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Hungarian teenagers launch app against food waste

Three Hungarian secondary school students have launched the world’s first online food sharing application, dubbed “FoodOverflow,” which helps to reduce food waste by creating a community of people living near each other, according to the initiativeʼs website.

Photo by Tyler Olson/Shutterstock.com

The idea of Bence Boér, Ambrus Tóth and Péter Szigeti (all aged 15) came from a visit to a bakery near closing time, where they saw a lot of leftover pastry. Asking the owners about the leftovers, they realized that the majority are usually thrown away.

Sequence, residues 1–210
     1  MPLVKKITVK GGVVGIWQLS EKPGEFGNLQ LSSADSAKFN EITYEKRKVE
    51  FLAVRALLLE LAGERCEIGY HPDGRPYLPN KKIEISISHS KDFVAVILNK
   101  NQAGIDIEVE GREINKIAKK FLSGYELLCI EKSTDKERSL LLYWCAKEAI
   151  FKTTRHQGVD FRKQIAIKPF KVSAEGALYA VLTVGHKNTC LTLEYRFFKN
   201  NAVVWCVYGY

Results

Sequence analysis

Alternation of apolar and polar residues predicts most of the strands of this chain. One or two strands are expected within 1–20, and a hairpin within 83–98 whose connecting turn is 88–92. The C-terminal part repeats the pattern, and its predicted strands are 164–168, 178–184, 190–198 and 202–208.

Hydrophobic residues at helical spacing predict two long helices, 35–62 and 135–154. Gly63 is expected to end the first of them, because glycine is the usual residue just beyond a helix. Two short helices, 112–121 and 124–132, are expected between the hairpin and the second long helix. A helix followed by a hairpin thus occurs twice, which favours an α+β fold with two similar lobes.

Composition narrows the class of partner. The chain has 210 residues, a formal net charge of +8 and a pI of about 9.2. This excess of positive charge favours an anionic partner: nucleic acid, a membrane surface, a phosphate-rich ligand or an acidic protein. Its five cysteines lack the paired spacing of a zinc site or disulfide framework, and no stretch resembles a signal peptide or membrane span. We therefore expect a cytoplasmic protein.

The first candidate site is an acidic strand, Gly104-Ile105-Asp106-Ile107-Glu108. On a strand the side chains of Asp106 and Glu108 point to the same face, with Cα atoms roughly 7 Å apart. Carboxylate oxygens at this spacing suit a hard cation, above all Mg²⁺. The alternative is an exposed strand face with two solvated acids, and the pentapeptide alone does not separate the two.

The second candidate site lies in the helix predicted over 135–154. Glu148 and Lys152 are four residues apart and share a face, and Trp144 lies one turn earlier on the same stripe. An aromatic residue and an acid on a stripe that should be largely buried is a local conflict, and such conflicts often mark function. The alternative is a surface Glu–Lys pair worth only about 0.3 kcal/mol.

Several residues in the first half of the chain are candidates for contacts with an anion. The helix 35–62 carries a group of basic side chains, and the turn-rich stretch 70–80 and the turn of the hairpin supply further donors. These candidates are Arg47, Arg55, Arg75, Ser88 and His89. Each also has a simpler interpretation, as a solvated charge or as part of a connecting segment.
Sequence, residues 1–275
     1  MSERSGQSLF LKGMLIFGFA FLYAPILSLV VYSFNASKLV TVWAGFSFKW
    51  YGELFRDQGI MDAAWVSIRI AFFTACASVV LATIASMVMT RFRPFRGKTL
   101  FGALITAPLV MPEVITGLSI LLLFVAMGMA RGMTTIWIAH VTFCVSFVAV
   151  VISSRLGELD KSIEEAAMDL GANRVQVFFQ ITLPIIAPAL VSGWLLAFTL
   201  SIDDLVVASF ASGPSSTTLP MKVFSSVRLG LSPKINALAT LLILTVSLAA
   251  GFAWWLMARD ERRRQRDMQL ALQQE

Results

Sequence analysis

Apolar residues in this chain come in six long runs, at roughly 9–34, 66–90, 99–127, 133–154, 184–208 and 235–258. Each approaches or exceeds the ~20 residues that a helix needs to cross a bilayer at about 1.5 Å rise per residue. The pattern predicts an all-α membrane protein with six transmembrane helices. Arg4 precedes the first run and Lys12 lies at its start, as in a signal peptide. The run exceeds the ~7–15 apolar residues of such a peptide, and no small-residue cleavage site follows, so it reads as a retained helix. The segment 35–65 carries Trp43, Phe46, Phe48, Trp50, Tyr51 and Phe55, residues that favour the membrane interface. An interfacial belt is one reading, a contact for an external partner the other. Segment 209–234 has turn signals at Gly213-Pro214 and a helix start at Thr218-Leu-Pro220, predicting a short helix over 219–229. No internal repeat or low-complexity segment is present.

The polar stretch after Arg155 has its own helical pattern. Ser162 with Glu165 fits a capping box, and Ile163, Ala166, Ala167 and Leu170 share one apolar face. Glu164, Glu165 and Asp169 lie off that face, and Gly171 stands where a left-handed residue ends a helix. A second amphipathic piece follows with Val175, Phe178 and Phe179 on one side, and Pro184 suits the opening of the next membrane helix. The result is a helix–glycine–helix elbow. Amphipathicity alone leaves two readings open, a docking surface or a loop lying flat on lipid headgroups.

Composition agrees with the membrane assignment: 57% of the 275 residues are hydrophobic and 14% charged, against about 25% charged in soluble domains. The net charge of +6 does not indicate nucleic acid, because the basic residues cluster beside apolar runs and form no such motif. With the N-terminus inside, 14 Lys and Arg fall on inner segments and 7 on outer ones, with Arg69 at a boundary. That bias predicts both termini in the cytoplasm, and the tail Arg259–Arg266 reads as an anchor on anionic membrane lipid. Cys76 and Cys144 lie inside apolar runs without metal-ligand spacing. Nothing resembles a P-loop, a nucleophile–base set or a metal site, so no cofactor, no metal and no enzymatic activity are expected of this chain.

Through the application and the website of FoodOverflow, users can offer unwanted or leftover food, specifying the name, category, description, and expiration date. A handover place is estimated by the device’s location or can be chosen on a map.

After each transaction, the supplier gets a virtual currency, the so-called “FoodCoin,” to honor his or her offer.

According to a survey by the National Food Chain Safety Office (NÉBIH), Hungarians produce 68 kilograms of food waste per person per year, of which 50% is down to squandering, according to environmental site elobolygonk.hu.